This past weekend I did it. I made my nervous NY acting debut at ModFab's reading of "Conquest of the Universe or When Queens Collide" by Charles Ludlam , the pioneer of the 'theater of the ridiculous' movement. I played a triple role: one of the dancing Fire Woman of Mars, a newsboy, and the galactic demon "War" For the latter part I was supposed to get all shouty and rally my minions --think Mel Gibson in Braveheart or Gerard Butler in 300. So, yeah: total typecasting [snort] I was most convincing as the 'gee whiz' newsboy. This is because I only had two lines and all it required was channeling old movie "extra! extra!" type of vocal cadences. That I can do.
I am not an actor. I've been so certain of this for so long that I haven't even tried it since high school when I stank up the joint in exactly one play, a madcap comedy. I signed up for this reading on account of my friendship with the Modern & Fabulous one and because --once I stopped to really consider who I'd get to work with it -- I thought it might be good for me.
We had two days of rehearsals wherein we ran through the play about five times. My part(s) was very small but I was incredibly nervous. The professional actors and theater people all around me... if they had nerves it didn't show. The theater of the ridiculous allows you plenty of room for interpretation and covers for a lot of amateur hour silliness like mine thank god but my costars didn't need any covering up. I was quite impressed with them and, as a nonactor, fascinated by the diversity of approaches. Some of the actors seemed to be doing nothing for two or three run throughs and then suddenly, the full character emerged like an instant polaroid. Other actors started turned all the way up to 11 and chiseled it down as they went, as if they were sculptors. And some were like painters, you could see the picture they were creating all along but it just got less sketchy and more colorfully defined in each run through.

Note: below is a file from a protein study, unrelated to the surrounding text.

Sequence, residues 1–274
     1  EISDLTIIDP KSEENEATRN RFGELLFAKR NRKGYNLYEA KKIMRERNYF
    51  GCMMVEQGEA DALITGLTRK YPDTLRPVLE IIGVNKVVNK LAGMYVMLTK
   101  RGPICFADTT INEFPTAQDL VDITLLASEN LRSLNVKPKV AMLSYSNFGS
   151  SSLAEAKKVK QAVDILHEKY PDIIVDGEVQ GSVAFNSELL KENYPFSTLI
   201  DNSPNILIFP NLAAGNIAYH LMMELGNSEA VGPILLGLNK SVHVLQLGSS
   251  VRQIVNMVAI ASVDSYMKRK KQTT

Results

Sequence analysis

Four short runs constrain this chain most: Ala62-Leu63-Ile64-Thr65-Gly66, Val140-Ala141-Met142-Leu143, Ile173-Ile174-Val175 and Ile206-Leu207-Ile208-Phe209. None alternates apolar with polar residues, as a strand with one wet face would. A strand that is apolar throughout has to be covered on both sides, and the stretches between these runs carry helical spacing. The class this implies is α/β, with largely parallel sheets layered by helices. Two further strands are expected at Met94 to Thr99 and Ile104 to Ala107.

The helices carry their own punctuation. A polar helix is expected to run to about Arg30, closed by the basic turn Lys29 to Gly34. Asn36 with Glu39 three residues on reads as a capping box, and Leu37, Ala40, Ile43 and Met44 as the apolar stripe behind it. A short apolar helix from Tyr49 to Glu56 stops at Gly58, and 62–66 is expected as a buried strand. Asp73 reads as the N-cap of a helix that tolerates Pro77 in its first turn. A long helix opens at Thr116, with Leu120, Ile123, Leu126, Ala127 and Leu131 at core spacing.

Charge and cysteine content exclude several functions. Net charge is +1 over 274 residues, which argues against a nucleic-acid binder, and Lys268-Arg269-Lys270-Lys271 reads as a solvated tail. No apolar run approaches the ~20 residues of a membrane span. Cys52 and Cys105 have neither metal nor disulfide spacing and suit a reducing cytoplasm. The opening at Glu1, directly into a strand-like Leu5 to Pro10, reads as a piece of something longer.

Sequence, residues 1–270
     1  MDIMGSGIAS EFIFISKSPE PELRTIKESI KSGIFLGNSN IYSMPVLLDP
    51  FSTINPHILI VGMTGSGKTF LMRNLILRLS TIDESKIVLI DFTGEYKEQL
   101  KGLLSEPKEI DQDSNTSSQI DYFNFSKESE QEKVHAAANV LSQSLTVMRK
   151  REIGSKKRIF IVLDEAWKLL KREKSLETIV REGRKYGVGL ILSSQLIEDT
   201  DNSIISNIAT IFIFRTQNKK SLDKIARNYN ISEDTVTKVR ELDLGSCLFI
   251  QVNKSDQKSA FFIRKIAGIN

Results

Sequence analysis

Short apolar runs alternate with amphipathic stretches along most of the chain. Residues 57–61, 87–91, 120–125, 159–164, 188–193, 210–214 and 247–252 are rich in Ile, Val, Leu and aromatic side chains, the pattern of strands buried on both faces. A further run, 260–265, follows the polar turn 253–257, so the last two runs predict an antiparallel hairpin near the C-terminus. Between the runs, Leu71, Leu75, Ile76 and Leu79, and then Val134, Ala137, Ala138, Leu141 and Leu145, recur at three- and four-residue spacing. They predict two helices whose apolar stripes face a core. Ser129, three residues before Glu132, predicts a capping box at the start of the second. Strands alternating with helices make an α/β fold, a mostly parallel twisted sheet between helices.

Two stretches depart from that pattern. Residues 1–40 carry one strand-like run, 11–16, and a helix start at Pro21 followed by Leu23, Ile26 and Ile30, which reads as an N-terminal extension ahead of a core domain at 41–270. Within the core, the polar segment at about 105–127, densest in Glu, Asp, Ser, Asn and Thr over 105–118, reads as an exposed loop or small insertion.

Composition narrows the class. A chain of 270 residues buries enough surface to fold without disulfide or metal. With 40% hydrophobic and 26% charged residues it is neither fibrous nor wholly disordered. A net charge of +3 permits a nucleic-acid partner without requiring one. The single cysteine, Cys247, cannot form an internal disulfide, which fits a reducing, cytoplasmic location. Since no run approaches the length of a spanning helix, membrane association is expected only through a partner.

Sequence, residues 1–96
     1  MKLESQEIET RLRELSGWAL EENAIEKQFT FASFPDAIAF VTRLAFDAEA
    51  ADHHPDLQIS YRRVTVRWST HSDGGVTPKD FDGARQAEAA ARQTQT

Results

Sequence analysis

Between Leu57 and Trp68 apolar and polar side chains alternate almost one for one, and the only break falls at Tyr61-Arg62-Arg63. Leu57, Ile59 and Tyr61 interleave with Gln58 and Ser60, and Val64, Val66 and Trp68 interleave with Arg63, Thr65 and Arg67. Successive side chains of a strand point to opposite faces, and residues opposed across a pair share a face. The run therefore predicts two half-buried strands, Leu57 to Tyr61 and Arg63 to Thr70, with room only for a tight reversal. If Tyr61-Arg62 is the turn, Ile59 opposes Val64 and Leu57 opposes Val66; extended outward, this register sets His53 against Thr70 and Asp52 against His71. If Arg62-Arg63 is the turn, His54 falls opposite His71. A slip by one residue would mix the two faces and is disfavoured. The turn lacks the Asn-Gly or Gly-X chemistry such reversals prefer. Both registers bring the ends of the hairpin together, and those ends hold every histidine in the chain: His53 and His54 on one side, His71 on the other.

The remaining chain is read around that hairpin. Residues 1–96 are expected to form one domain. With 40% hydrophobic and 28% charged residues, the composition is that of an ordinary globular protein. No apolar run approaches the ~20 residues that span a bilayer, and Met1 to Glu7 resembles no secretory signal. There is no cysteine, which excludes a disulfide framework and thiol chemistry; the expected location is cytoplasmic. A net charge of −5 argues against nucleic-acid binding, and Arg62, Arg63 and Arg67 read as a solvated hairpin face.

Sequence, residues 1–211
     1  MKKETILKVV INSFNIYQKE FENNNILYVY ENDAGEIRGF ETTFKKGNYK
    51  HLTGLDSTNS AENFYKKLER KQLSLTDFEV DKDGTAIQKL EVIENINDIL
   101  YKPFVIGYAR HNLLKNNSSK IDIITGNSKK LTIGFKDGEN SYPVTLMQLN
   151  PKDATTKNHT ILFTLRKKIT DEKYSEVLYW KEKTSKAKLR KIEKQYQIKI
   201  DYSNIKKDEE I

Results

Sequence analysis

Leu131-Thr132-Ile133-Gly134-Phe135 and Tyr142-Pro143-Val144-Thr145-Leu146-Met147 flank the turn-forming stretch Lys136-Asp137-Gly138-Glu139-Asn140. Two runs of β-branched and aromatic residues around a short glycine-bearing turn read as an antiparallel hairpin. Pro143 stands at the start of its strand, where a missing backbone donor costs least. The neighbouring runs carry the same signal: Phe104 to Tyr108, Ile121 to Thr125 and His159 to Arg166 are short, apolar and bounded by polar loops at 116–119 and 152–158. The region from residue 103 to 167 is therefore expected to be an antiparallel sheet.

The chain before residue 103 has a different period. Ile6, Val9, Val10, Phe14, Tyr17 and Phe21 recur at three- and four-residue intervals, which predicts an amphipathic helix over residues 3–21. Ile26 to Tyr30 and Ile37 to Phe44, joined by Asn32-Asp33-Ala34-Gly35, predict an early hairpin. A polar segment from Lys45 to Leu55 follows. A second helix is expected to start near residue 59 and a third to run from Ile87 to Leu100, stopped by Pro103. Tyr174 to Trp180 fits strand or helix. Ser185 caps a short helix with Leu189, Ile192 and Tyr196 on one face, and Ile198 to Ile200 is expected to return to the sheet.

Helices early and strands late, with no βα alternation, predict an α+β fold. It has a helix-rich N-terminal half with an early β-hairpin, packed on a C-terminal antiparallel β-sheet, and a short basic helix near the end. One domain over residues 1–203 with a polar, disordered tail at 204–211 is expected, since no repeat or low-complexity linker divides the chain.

I write about acting all the time. I read about it. I watch tons of it. I understand a lot more than your average civilian about technique, acting theory, and whatnot. But I haven't really experienced working alongside them before. Now having done so, even if only in a tiny way, I am both alarmed and pleased to report that it is still a total mindblowing thing. This magical artform lost none of its mystery. I am even more in awe of those who can act. What a gift.